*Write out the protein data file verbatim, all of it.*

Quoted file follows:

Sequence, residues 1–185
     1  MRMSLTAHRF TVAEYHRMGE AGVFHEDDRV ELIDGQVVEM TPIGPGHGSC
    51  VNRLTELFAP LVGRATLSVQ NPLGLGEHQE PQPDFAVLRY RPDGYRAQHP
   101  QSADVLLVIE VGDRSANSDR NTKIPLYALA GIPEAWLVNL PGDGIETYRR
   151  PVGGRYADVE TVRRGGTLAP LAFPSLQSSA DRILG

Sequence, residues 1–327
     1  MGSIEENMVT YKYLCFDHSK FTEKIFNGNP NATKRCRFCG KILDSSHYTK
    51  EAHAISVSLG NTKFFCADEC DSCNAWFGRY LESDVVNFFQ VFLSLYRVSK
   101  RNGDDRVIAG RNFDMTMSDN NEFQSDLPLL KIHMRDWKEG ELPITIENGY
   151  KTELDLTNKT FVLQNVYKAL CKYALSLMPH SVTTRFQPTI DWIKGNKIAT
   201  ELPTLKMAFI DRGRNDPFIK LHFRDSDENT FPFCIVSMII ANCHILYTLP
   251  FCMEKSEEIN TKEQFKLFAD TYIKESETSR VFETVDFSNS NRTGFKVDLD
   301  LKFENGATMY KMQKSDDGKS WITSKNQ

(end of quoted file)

Sequence, residues 1–185
     1  MRMSLTAHRF TVAEYHRMGE AGVFHEDDRV ELIDGQVVEM TPIGPGHGSC
    51  VNRLTELFAP LVGRATLSVQ NPLGLGEHQE PQPDFAVLRY RPDGYRAQHP
   101  QSADVLLVIE VGDRSANSDR NTKIPLYALA GIPEAWLVNL PGDGIETYRR
   151  PVGGRYADVE TVRRGGTLAP LAFPSLQSSA DRILG

Sequence, residues 1–327
     1  MGSIEENMVT YKYLCFDHSK FTEKIFNGNP NATKRCRFCG KILDSSHYTK
    51  EAHAISVSLG NTKFFCADEC DSCNAWFGRY LESDVVNFFQ VFLSLYRVSK
   101  RNGDDRVIAG RNFDMTMSDN NEFQSDLPLL KIHMRDWKEG ELPITIENGY
   151  KTELDLTNKT FVLQNVYKAL CKYALSLMPH SVTTRFQPTI DWIKGNKIAT
   201  ELPTLKMAFI DRGRNDPFIK LHFRDSDENT FPFCIVSMII ANCHILYTLP
   251  FCMEKSEEIN TKEQFKLFAD TYIKESETSR VFETVDFSNS NRTGFKVDLD
   301  LKFENGATMY KMQKSDDGKS WITSKNQ